Defaults Should Brake Credit Growth Even with Lower Interest Rates, says Serasa

We recently wrote a piece, entitled Mantega Magic:  Opportunities for Brazilian ABS, that explored the expected negative consequences of the federal government’s program to use the balance sheets of public banks to reduce credit spreads for loans in Brazil.  Our main concern was that the public banks would not be able to replace the reduction in credit from the private banks.  This article, which we have translated from Valor Econômico, reports that Brazilian credit bureau Serasa now sees evidence that banks are cutting back on debt issuance to the consumer as spreads tighten in the face of raising defaults.

 

Translated from Valor Econômico
May 4, 2012

SAO PAULO – Defaults should curb consumer credit in the coming months even with the drop in interest rates, according to the prediction of Serasa Experian. The indicator that measures the company’s prediction for lending in the six months ahead declined 0.4% in March, reaching the 100.1 level.

Serasa reiterated that default leads to greater selectivity in lending between financial institutions. Moreover, the rise in household debt decreases the space in the budget for the consumer to take on new debt.

According to Serasa’s analysis, the new lending for consumer credit should evolve throughout 2012, but at a slower pace than in 2011.

“The recent interest rate cuts announced by several financial institutions should not produce a significant acceleration of loans to individuals,” the company said in a statement, which notes that the default level is still high.

In the city of São Paulo, for example, the percentage of families with delinquent accounts reached 21.8% in April, its highest since September 2007, when it marked 23.5%, according to a survey of the Federation of Trade in Goods, Services and Tourism of the State of São Paulo (FecomercioSP), also published today.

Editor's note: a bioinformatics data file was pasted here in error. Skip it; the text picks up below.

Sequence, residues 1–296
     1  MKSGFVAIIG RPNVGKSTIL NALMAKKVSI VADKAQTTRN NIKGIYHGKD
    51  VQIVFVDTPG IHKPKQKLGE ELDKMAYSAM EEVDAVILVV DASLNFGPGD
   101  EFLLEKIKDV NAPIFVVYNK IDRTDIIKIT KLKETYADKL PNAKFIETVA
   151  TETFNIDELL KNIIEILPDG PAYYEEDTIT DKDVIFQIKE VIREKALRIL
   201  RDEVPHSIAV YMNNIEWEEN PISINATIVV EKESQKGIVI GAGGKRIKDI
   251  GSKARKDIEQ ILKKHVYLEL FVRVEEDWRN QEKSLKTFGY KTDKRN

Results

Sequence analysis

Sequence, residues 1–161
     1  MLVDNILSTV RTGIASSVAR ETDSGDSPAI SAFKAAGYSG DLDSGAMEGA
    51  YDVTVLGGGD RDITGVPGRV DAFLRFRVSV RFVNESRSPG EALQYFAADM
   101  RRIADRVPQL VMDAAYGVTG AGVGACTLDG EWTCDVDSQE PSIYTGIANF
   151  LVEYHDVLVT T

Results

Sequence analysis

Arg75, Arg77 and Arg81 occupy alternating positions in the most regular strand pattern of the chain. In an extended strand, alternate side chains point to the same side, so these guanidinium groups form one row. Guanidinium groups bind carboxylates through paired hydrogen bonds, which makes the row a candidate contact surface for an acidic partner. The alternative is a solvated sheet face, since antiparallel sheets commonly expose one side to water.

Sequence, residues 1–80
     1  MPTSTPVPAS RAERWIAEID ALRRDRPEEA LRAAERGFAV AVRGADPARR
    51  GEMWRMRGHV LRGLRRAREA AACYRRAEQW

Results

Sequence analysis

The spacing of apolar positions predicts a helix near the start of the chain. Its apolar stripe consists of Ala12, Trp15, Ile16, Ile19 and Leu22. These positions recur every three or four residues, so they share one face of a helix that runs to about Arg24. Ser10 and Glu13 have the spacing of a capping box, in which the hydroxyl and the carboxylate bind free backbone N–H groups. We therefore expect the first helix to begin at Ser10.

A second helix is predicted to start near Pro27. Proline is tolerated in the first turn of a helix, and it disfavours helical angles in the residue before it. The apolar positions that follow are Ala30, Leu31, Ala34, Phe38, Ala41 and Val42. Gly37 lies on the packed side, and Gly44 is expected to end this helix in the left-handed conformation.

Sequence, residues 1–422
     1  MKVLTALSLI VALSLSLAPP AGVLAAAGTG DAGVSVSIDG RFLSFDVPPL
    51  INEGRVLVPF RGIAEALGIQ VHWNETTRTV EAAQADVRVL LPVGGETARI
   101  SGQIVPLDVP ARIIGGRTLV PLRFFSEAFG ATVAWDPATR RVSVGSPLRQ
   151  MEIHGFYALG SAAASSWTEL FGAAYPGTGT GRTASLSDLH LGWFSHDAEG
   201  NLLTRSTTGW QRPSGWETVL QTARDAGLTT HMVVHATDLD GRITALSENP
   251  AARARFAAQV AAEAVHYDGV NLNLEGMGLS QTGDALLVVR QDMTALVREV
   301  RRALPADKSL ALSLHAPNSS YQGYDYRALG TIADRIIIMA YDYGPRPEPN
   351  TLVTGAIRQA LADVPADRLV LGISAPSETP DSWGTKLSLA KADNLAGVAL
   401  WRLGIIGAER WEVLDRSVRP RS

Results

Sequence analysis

With regard to companies, the picture is a little better. The indicator that measures the Serasa credit outlook for this segment increased 0.1% in March 2012, to 98.4.

Since the indicator predicts the movement of lending to six months in advance, its elevation indicates that credit to businesses should react more intensely  to the economic stimulus during the second half of this year (Translators note: government stimulus should kick in full gear for businesses in the second half).

“The expansion of fiscal incentives, the prospects for gradual improvement in the international financial picture, and the further reduction of the Selic rate should boost business demand for credit, especially during the second half of 2012,” says Serasa.

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